Cambridgeshire County Council leader Cllr Lucy Nethsingha at the Cambridge City Council election count at the University Sports Centre Picture: Keith Heppell
Cambridgeshire County Council leader Cllr Lucy Nethsingha at the Cambridge City Council election count at the University Sports Centre Picture: Keith Heppell

“The idea that this was in the interests of staff is extremely difficult to understand, given the very, very clear request that had been made to all members of the board, that all of these matters be kept confidential in order to protect the individuals involved. And it was made very clear to us when we were given this information, that the reason for confidentiality was to protect the individuals involved. And the fact that that confidentiality has since been broken in numerous different ways, puts those members of staff in an incredibly difficult position and that position is much more difficult than it would have been if that confidentiality had been kept. I’ve been a councillor for over 20 years now and during that time, I’ve seen some pretty extraordinary behaviour but I have to say that the behaviour around this investigation and in fact during this meeting is some of the most shocking that I’ve seen.”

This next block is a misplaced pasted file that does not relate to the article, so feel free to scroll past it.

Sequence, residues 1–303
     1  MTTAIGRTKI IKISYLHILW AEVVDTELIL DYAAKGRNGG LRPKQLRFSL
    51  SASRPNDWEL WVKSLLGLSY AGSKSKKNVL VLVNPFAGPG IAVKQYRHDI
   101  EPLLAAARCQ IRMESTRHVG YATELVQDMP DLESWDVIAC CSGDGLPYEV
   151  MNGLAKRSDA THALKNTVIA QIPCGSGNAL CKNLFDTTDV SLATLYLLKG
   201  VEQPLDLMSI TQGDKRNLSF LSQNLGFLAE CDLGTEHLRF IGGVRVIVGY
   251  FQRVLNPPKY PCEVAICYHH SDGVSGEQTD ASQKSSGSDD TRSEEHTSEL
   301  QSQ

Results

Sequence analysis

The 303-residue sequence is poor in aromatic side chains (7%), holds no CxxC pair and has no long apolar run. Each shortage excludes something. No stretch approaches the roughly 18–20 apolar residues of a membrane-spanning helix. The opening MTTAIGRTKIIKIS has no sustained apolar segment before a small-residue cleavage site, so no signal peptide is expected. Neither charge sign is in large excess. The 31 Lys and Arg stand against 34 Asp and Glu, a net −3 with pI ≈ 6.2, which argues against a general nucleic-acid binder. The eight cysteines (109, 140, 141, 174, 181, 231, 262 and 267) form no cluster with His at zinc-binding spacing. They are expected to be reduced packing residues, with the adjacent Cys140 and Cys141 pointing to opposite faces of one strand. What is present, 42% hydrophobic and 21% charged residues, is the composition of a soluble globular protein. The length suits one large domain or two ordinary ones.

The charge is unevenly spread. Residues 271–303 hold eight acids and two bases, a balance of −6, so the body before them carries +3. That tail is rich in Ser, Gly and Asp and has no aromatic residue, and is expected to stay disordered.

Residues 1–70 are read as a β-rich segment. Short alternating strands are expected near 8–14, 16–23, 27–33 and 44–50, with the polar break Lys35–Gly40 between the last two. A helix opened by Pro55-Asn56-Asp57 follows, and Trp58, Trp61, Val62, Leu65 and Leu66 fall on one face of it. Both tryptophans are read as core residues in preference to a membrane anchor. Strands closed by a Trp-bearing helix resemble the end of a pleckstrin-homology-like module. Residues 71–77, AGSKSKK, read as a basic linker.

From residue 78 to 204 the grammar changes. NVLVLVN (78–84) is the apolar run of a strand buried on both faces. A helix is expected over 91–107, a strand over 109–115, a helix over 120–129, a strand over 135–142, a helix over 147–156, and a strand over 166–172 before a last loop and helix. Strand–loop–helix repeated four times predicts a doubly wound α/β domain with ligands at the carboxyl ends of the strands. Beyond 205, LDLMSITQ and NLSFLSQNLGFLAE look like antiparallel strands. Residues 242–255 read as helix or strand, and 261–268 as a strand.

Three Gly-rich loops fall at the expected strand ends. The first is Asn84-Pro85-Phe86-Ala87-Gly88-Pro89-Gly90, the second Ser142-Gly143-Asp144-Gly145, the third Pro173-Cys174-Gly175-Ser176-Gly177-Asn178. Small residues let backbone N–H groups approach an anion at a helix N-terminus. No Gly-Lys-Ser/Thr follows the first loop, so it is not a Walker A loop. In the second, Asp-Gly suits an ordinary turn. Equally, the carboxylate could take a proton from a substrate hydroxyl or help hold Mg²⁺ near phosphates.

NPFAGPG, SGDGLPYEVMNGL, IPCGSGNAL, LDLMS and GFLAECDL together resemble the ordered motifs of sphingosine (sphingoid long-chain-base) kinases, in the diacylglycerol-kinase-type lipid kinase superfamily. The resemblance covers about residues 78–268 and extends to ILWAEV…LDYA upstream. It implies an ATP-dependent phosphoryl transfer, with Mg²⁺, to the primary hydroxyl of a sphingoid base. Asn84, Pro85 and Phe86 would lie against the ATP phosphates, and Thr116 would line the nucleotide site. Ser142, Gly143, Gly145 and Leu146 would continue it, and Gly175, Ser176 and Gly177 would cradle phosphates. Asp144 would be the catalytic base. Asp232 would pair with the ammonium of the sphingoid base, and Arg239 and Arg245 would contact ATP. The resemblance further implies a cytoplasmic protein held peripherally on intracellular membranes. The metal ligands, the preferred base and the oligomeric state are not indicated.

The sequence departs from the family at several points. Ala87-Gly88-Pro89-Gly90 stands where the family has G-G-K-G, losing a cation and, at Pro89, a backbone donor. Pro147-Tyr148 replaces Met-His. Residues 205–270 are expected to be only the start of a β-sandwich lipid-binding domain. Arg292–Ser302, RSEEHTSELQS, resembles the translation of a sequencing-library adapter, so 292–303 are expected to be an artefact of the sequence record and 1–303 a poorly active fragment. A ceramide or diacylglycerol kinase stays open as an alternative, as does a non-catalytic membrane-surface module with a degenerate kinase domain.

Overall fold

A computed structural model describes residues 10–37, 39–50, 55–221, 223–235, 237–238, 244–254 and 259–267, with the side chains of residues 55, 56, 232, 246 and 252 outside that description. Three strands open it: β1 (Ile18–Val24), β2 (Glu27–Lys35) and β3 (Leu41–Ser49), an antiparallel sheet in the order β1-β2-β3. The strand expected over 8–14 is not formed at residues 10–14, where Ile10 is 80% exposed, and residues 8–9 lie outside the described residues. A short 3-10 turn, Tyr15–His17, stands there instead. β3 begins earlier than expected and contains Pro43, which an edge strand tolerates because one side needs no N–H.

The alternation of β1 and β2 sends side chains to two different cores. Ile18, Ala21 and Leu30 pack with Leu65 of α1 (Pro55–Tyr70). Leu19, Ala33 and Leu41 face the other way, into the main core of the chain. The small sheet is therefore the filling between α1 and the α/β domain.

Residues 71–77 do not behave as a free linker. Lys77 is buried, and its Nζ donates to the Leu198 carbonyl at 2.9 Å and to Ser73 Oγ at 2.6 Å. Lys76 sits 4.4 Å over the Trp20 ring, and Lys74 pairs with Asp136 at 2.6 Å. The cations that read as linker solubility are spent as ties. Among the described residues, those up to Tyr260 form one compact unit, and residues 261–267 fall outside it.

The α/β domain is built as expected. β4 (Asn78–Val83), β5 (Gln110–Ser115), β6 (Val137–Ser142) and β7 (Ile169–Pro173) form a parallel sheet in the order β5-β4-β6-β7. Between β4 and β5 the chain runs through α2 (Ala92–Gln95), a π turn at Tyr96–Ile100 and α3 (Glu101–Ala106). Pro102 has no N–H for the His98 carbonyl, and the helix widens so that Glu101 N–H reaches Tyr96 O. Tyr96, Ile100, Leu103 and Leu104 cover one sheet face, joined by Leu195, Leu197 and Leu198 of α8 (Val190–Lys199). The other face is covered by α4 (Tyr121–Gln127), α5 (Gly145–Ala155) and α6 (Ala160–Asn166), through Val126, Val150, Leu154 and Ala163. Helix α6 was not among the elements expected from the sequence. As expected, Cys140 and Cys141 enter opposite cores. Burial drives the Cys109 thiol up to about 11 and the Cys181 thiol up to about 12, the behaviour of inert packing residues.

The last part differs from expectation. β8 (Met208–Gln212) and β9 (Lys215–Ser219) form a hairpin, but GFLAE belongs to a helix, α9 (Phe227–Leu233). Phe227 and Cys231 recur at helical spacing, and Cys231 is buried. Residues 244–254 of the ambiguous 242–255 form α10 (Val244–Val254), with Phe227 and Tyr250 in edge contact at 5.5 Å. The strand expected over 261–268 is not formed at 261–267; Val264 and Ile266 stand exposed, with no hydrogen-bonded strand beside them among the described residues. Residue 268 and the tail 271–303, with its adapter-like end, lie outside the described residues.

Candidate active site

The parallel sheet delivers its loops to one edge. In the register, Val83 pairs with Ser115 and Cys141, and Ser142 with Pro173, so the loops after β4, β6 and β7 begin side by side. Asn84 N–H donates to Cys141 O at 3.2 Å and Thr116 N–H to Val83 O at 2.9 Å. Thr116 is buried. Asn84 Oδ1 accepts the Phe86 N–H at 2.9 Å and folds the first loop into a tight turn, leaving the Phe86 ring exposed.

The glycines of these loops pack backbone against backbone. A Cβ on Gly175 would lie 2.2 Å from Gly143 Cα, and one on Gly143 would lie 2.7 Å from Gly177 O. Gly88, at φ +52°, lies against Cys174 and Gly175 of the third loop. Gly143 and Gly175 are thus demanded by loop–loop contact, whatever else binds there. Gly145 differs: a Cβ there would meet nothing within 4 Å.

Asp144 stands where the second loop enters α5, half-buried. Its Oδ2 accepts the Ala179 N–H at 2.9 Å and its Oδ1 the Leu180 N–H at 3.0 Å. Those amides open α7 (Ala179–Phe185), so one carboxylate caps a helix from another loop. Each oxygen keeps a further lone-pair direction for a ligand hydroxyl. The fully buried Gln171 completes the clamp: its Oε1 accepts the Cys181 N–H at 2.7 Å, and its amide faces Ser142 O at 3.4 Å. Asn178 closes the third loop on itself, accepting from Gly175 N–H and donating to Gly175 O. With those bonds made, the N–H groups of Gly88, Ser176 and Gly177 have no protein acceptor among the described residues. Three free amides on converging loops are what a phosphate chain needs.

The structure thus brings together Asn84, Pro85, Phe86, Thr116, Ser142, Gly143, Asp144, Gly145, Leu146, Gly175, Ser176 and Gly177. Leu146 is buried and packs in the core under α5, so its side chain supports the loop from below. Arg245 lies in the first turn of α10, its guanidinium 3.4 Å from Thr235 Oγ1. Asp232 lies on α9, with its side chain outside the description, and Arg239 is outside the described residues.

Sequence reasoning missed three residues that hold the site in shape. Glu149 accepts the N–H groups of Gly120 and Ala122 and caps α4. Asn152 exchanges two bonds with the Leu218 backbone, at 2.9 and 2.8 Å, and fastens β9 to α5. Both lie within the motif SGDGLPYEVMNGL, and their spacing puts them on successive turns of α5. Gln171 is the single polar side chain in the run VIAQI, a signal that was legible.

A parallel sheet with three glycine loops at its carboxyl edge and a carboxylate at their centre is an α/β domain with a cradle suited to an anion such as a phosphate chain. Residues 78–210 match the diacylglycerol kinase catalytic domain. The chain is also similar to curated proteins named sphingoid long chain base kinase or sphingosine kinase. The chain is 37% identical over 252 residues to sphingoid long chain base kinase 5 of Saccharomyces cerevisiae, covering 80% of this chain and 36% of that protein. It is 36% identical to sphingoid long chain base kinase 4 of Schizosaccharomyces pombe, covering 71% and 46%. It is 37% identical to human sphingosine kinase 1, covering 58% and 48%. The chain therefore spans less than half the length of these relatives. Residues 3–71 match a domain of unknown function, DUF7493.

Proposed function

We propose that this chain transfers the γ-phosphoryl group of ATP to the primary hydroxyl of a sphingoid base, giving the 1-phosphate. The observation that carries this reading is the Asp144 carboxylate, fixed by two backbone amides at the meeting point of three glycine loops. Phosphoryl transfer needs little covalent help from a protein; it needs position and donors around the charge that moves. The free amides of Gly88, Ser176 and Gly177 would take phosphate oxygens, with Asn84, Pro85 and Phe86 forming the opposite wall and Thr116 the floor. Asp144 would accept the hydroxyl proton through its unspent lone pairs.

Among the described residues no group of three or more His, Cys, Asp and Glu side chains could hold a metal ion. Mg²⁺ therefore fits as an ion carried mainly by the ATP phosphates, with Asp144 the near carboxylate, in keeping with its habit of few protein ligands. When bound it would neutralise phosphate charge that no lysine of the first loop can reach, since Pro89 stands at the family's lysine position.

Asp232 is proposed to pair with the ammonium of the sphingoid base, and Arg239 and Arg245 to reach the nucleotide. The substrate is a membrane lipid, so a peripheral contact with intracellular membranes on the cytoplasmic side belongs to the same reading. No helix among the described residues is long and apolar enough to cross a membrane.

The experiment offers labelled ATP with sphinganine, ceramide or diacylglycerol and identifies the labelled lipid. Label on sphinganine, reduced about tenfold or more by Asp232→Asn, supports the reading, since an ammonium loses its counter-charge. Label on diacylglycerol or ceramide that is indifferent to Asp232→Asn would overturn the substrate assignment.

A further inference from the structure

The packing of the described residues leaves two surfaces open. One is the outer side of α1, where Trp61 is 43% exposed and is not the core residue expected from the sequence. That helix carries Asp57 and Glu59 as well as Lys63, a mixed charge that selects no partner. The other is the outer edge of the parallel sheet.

She added: “The one final thing I want to say is that having had code of conduct investigations and complaints brought against me on several occasions in the past. It's never been suggested that as soon as a code of conduct investigation is launched against an individual, they should step aside.

“Now, there may be some circumstances where that may be necessary. But it hasn't actually been suggested by anybody other than the members opposite that those have been met in this case. And therefore I think we should let the process take its course.”

The meeting has moved into private session to debate the amended motion and the amendment before making a decision.

The initial amended motion was defeated and Cllr Herbert’s amendment was passed.

The meeting had been expected to become public again later this evening, but has since been adjourned for later date.